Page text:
The IoT visualization was implemented to build various solutions for agriculture, supply chain, manufacturing, technology sector, and to develop a solution for tracking world air quality. That’s all sounds impressive, and we expect the implementation of IoT technology along with data visualization will rise. 

Thanks for reading!

What is GEEK

Buddha Community

What’s IoT Data Visualization. Best Practices. Examples
bindu singh

bindu singh

1647351133

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  • The candidate should not have a significant cardiovascular condition.

You can become an air hostess if you meet certain criteria, such as a minimum educational level, an age limit, language ability, and physical characteristics.

As can be seen from the preceding information, a 10+2 pass is the minimal educational need for becoming an air hostess in India. So, if you have a 10+2 certificate from a recognized board, you are qualified to apply for an interview for air hostess positions!

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 iOS App Dev

iOS App Dev

1620466520

Your Data Architecture: Simple Best Practices for Your Data Strategy

If you accumulate data on which you base your decision-making as an organization, you should probably think about your data architecture and possible best practices.

If you accumulate data on which you base your decision-making as an organization, you most probably need to think about your data architecture and consider possible best practices. Gaining a competitive edge, remaining customer-centric to the greatest extent possible, and streamlining processes to get on-the-button outcomes can all be traced back to an organization’s capacity to build a future-ready data architecture.

In what follows, we offer a short overview of the overarching capabilities of data architecture. These include user-centricity, elasticity, robustness, and the capacity to ensure the seamless flow of data at all times. Added to these are automation enablement, plus security and data governance considerations. These points from our checklist for what we perceive to be an anticipatory analytics ecosystem.

#big data #data science #big data analytics #data analysis #data architecture #data transformation #data platform #data strategy #cloud data platform #data acquisition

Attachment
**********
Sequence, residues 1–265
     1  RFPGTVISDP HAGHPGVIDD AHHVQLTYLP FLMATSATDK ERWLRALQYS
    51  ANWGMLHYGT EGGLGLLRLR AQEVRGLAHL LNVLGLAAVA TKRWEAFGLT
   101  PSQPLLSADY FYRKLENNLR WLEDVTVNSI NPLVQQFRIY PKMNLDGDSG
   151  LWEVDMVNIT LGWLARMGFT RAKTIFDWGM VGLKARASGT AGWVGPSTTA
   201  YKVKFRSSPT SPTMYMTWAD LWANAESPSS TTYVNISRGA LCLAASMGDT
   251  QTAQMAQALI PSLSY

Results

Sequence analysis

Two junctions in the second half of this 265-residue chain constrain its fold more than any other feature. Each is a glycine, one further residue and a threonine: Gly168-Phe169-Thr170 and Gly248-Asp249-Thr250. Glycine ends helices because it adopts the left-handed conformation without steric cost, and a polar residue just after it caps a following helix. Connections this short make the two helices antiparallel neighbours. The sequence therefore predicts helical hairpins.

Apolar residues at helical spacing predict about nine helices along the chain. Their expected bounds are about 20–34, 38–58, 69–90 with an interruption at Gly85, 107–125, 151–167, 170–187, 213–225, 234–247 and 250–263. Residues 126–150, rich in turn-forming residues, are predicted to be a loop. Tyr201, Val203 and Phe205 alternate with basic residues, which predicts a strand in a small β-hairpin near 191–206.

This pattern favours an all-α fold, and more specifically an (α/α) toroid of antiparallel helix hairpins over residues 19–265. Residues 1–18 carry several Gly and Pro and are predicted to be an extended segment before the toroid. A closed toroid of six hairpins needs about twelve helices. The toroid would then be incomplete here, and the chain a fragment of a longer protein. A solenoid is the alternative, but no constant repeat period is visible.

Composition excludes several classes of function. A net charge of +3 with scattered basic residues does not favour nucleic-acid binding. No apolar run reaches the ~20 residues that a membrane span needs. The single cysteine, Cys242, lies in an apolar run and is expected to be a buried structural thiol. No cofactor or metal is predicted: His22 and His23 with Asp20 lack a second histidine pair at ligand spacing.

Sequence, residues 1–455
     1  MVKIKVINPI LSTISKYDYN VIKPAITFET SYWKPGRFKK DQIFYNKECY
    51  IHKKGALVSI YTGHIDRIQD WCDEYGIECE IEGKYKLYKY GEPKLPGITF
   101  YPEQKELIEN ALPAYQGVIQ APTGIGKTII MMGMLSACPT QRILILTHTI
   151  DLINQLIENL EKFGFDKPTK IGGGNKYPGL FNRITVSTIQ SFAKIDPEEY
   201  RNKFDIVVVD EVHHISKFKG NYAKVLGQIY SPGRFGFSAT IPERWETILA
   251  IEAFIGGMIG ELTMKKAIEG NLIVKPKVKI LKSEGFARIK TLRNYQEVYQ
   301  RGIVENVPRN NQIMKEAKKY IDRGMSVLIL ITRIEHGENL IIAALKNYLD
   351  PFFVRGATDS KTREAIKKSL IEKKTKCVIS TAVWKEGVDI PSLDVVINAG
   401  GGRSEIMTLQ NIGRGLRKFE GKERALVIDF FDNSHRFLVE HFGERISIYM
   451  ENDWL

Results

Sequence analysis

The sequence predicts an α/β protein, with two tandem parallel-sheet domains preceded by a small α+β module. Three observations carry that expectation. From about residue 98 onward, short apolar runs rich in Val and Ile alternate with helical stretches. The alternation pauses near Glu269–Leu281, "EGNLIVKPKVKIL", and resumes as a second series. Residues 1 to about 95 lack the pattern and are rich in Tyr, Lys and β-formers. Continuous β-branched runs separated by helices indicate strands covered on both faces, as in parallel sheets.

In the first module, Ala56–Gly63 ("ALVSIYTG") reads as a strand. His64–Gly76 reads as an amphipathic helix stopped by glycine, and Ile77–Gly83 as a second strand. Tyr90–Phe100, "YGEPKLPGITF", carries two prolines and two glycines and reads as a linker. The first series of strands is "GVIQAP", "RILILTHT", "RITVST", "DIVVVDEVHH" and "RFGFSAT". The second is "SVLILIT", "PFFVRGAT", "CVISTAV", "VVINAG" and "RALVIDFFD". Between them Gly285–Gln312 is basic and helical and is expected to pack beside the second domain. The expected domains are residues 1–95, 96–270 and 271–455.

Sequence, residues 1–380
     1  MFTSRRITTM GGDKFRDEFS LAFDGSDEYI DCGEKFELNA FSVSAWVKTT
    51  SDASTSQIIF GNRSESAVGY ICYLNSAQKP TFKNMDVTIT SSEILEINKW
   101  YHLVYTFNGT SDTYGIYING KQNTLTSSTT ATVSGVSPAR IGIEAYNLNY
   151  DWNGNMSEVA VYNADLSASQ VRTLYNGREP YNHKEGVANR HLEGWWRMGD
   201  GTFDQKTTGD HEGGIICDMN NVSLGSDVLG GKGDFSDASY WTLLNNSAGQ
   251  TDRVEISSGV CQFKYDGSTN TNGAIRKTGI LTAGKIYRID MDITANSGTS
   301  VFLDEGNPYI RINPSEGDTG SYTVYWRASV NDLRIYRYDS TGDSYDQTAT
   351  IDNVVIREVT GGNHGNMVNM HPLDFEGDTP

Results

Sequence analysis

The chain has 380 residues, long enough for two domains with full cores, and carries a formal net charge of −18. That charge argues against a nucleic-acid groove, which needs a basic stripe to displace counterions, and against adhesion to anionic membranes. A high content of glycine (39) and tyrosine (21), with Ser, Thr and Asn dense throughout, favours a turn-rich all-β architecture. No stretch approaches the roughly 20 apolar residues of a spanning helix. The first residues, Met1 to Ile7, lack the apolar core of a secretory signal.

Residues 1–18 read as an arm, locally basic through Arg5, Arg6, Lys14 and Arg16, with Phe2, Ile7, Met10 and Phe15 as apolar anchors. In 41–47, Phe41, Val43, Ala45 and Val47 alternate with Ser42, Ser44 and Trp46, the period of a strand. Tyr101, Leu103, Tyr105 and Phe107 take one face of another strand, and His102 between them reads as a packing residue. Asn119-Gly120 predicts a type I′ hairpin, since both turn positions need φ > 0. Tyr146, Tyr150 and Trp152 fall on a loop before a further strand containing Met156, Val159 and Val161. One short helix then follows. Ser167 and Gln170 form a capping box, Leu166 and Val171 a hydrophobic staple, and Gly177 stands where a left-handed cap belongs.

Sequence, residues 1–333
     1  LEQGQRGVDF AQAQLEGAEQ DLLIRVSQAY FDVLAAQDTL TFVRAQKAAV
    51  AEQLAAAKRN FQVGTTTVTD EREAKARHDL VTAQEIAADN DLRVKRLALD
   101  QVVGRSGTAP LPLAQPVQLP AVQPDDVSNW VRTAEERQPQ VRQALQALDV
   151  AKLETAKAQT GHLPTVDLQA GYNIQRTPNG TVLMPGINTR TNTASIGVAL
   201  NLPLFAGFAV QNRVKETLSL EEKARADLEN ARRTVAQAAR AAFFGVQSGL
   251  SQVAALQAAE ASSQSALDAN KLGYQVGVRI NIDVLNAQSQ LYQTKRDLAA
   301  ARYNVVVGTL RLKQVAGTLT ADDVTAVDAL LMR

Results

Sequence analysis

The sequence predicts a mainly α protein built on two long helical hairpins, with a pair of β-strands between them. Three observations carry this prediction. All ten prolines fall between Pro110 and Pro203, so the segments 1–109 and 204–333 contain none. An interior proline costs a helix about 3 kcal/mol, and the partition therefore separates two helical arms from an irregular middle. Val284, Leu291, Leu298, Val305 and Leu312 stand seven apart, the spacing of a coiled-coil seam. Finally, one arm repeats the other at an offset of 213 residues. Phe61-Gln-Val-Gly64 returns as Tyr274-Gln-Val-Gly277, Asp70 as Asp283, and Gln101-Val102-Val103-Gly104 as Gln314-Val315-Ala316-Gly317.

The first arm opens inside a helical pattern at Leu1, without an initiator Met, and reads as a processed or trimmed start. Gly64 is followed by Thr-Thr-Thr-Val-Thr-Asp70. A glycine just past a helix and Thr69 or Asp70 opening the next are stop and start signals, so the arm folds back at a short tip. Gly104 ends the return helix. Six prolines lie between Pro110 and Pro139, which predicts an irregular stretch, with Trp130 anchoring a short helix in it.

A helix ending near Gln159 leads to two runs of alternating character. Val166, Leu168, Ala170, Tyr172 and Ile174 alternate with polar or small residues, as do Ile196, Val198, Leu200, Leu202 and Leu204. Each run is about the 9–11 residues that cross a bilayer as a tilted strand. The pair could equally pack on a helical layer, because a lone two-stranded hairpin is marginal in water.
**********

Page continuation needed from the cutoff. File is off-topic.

Wilford  Pagac

Wilford Pagac

1596789120

Best Custom Web & Mobile App Development Company

Everything around us has become smart, like smart infrastructures, smart cities, autonomous vehicles, to name a few. The innovation of smart devices makes it possible to achieve these heights in science and technology. But, data is vulnerable, there is a risk of attack by cybercriminals. To get started, let’s know about IoT devices.

What are IoT devices?

The Internet Of Things(IoT) is a system that interrelates computer devices like sensors, software, and actuators, digital machines, etc. They are linked together with particular objects that work through the internet and transfer data over devices without humans interference.

Famous examples are Amazon Alexa, Apple SIRI, Interconnected baby monitors, video doorbells, and smart thermostats.

How could your IoT devices be vulnerable?

When technologies grow and evolve, risks are also on the high stakes. Ransomware attacks are on the continuous increase; securing data has become the top priority.

When you think your smart home won’t fudge a thing against cybercriminals, you should also know that they are vulnerable. When cybercriminals access our smart voice speakers like Amazon Alexa or Apple Siri, it becomes easy for them to steal your data.

Cybersecurity report 2020 says popular hacking forums expose 770 million email addresses and 21 million unique passwords, 620 million accounts have been compromised from 16 hacked websites.

The attacks are likely to increase every year. To help you secure your data of IoT devices, here are some best tips you can implement.

Tips to secure your IoT devices

1. Change Default Router Name

Your router has the default name of make and model. When we stick with the manufacturer name, attackers can quickly identify our make and model. So give the router name different from your addresses, without giving away personal information.

2. Know your connected network and connected devices

If your devices are connected to the internet, these connections are vulnerable to cyber attacks when your devices don’t have the proper security. Almost every web interface is equipped with multiple devices, so it’s hard to track the device. But, it’s crucial to stay aware of them.

3. Change default usernames and passwords

When we use the default usernames and passwords, it is attackable. Because the cybercriminals possibly know the default passwords come with IoT devices. So use strong passwords to access our IoT devices.

4. Manage strong, Unique passwords for your IoT devices and accounts

Use strong or unique passwords that are easily assumed, such as ‘123456’ or ‘password1234’ to protect your accounts. Give strong and complex passwords formed by combinations of alphabets, numeric, and not easily bypassed symbols.

Also, change passwords for multiple accounts and change them regularly to avoid attacks. We can also set several attempts to wrong passwords to set locking the account to safeguard from the hackers.

5. Do not use Public WI-FI Networks